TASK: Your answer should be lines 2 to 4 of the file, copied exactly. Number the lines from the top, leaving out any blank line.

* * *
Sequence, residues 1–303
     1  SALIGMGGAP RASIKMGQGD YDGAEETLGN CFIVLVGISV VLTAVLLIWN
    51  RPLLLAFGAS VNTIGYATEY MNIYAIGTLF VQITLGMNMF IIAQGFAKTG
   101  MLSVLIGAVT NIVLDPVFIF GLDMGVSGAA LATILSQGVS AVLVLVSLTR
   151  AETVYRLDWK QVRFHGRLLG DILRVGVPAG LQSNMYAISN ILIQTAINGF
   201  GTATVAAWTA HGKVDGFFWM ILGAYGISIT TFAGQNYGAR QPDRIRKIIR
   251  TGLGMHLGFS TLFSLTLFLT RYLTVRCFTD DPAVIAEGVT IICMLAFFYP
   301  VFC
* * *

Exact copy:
     1  SALIGMGGAP RASIKMGQGD YDGAEETLGN CFIVLVGISV VLTAVLLIWN
    51  RPLLLAFGAS VNTIGYATEY MNIYAIGTLF VQITLGMNMF IIAQGFAKTG
   101  MLSVLIGAVT NIVLDPVFIF GLDMGVSGAA LATILSQGVS AVLVLVSLTR